All sleepy eyes, yawning mouth, contentedness, tiny burps you need to coax out. It’s always a little bit of a scramble to get them in the right spot, that floppy head, those randomly flailing limbs. It’s so sweet when they latch.
The moment. The moment when your baby looks up at you and catches your eye and they know that your breast is your breast and that your smiling face is the one they get to see when they nurse. Unlatching, just to smile. It makes your whole day.
That first glorious time where you present your breast and they latch by themselves. To those with newborns, believe me, it’ll happen. Nursing in public, suddenly easier. Their head covers a lot of real estate.
Distraction. Your voice is interesting. So is the cat. So is the window. So is something in front of you that you can’t even see but your baby can.
Grabby and pinchy and you swear you just cut her nails. She’s casual about nursing. Seeing your breast or feeling for your breast, your baby just grabs it, sometimes with what you swear are a full set of claws. They start to revel in the closeness and the softness of you.
The first bite. This is not the most fun for the mother. She might chomp down before you have any inkling of the teeth trying to break through. It seems a neat new trick she’s learned. But it hurts. A lot. And you try not to yell, though it’s impossible. It’s even worse when they get teeth. To the mamas in this phase, it’ll pass. I promise. When those top teeth come in, you have to teach them to latch all over again. Making the wide open mouth-face you want to see them make.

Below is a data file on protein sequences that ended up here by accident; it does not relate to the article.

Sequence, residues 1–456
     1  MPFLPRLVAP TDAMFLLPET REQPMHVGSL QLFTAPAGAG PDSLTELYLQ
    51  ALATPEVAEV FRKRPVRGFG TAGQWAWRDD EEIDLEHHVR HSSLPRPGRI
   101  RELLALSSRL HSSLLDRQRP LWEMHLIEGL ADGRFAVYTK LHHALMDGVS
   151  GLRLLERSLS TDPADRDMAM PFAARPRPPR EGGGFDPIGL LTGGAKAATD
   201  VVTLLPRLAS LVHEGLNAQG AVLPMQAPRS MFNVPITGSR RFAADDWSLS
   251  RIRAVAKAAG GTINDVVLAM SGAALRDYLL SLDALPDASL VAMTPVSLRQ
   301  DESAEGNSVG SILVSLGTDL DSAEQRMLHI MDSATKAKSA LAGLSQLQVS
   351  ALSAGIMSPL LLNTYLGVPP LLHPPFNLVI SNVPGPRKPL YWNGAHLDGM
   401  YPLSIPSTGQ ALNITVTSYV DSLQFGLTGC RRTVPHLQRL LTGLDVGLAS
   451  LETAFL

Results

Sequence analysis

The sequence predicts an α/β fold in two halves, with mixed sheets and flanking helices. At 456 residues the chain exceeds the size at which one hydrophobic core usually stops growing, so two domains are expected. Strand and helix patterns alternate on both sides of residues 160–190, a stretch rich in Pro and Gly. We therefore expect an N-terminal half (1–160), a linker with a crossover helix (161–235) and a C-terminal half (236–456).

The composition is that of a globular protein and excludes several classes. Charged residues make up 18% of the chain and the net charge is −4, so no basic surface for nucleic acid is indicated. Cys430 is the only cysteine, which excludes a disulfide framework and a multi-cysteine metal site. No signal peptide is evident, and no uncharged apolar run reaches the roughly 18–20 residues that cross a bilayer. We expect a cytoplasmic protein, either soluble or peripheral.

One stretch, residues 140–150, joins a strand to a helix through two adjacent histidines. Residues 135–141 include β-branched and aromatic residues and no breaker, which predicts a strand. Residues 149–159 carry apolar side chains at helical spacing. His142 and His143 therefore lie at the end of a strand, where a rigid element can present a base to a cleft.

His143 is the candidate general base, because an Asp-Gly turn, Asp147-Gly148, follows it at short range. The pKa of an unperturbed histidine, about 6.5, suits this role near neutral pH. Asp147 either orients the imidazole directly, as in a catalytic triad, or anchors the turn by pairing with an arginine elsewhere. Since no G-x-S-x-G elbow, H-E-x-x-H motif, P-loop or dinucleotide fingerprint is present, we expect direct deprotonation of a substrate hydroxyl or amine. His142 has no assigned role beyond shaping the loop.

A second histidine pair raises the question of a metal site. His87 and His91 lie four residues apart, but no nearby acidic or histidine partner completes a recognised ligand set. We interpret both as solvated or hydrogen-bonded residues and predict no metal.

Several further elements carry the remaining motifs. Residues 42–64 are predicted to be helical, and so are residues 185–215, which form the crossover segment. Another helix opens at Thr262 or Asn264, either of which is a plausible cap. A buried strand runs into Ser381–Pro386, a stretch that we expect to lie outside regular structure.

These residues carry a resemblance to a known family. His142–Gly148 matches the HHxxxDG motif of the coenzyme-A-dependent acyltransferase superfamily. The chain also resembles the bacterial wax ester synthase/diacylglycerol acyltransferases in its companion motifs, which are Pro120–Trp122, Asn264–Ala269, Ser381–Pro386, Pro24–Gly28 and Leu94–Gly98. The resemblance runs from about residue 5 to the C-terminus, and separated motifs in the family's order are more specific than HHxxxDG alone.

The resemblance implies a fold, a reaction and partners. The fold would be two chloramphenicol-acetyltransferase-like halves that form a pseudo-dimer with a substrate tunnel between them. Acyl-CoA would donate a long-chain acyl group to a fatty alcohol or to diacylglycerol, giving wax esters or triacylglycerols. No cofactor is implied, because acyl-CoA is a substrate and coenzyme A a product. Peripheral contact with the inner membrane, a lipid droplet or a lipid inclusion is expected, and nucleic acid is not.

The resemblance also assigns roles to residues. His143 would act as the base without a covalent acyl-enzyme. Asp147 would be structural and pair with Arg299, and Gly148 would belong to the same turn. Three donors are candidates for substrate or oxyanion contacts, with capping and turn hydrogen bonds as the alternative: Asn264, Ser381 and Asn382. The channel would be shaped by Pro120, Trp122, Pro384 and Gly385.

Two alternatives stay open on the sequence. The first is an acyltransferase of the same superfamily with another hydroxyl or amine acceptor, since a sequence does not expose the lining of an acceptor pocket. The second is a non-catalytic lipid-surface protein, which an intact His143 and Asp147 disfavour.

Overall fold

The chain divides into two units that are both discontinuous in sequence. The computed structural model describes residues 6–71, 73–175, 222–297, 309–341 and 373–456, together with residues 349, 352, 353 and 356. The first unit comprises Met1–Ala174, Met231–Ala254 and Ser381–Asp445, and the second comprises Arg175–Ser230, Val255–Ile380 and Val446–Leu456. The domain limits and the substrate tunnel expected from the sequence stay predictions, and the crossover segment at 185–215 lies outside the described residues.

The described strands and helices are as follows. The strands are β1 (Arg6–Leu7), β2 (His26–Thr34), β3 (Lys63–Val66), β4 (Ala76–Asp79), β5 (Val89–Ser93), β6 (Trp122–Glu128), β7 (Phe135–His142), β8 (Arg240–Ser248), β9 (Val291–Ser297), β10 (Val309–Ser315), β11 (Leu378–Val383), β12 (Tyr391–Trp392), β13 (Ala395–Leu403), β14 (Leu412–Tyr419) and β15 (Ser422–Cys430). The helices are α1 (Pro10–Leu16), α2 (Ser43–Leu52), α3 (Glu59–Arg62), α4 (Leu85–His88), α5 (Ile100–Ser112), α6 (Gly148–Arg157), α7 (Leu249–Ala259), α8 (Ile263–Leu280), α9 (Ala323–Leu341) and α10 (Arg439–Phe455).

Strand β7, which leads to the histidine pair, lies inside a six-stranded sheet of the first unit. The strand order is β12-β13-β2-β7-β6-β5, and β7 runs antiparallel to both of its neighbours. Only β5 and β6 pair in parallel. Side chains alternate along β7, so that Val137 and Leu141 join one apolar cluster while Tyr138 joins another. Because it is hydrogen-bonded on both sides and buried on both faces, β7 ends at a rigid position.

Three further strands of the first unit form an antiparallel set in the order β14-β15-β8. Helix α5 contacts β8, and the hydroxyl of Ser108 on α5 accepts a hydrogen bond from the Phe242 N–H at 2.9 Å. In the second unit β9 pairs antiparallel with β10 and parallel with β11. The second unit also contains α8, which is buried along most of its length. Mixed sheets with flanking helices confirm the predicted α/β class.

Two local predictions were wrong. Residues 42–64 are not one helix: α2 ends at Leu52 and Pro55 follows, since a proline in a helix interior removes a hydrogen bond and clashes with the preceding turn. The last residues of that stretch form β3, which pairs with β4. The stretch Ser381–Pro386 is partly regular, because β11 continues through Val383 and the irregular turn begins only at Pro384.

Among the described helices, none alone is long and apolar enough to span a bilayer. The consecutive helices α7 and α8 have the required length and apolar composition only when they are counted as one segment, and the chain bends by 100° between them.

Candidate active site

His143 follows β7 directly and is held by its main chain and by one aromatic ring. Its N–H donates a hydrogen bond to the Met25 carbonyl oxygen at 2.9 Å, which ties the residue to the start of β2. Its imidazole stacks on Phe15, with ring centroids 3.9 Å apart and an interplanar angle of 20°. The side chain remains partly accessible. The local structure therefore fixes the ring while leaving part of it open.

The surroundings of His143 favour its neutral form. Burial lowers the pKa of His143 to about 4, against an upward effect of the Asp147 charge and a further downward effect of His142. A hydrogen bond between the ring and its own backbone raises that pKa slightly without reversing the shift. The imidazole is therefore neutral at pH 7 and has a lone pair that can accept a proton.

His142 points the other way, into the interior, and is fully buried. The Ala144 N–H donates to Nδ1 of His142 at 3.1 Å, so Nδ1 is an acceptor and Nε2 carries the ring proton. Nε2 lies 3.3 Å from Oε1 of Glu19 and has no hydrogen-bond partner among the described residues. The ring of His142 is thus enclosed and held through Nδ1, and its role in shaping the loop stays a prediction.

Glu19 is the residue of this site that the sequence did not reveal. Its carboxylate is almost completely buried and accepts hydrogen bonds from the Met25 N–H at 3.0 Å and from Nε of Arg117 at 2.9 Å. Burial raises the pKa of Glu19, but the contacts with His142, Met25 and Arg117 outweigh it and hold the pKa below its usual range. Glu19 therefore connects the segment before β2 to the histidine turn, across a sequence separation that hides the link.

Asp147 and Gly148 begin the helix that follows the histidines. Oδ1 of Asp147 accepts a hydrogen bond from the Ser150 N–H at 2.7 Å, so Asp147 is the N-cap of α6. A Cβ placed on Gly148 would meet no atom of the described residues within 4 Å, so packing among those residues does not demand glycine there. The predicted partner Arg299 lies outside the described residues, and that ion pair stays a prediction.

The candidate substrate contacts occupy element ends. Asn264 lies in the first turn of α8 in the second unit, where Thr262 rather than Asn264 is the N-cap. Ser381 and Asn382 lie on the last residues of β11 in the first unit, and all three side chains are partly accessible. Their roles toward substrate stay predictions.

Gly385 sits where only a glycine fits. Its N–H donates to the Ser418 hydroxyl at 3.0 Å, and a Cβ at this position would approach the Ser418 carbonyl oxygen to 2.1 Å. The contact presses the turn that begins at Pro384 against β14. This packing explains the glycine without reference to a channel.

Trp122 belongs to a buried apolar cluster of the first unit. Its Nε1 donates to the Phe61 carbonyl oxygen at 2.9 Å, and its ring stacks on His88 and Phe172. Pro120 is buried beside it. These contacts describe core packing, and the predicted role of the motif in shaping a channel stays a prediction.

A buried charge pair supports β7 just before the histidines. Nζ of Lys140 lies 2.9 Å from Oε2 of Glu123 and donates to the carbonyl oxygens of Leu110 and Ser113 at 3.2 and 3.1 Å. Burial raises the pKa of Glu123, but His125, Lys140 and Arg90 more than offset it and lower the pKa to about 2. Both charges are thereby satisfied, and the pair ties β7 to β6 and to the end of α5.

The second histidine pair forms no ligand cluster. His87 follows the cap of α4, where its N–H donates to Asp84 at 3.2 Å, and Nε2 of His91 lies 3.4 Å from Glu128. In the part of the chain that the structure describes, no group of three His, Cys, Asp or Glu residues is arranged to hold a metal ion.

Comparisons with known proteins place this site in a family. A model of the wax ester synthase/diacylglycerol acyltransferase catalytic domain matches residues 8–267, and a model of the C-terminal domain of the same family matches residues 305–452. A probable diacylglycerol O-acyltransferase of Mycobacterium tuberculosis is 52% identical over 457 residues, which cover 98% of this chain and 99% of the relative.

You become the milk bar. Open at all hours. Your baby knows exactly where your breasts live. She’ll somehow expose them when you’re talking to a friend. Outside. In the cold. You just start to feel the frigid air when she latches and smiles. And you just shrug at your friend. It’s casual.
Gymnurstics. You know when you’re there. Baby stands. Baby straddles you. Baby tries to look at something behind them while STILL BEING LATCHED. Baby climbs on your shoulder from behind you and flips over in a gold-medal worthy gymnastics move to latch themselves completely upside down while balancing their wiggling feet in the air.
Perpetual motion. Often running away from you. Climbing. Crawling. Walking. Until she’s tired. Or hurt. Or sad. Your baby nurses when she needs you. It’s a perfectly calm moment in an other wise frenetic day.
Your baby asks you. Out loud. She has a name for it. “Nun.” “BooBoo.” “Nuss.” She points. She displays great displeasure when you don’t move quickly enough. Even though she is old enough to ask. Even though she eats solid foods and is brave enough to leave your side, she still asks for nursing, for mama time. Maybe they will take a long snuggle break. Maybe they just want to know that they still can. Not everyone gets here. If you do, enjoy hearing how much your baby — your child — loves to nurse. Because they’ll tell you.
Which phase are you in?
About Olivia Hinebaugh
Olivia Hinebaugh is a stay-at-home-mom to a three-year-old boy and baby girl. She is an aspiring novelist and steals time whenever both kids are sleeping to clack away at the keys. She tweets about mothering and writing @OliveJuiceLots
She can also be found on Facebook.
First two and Bio photos by Lauren Preti.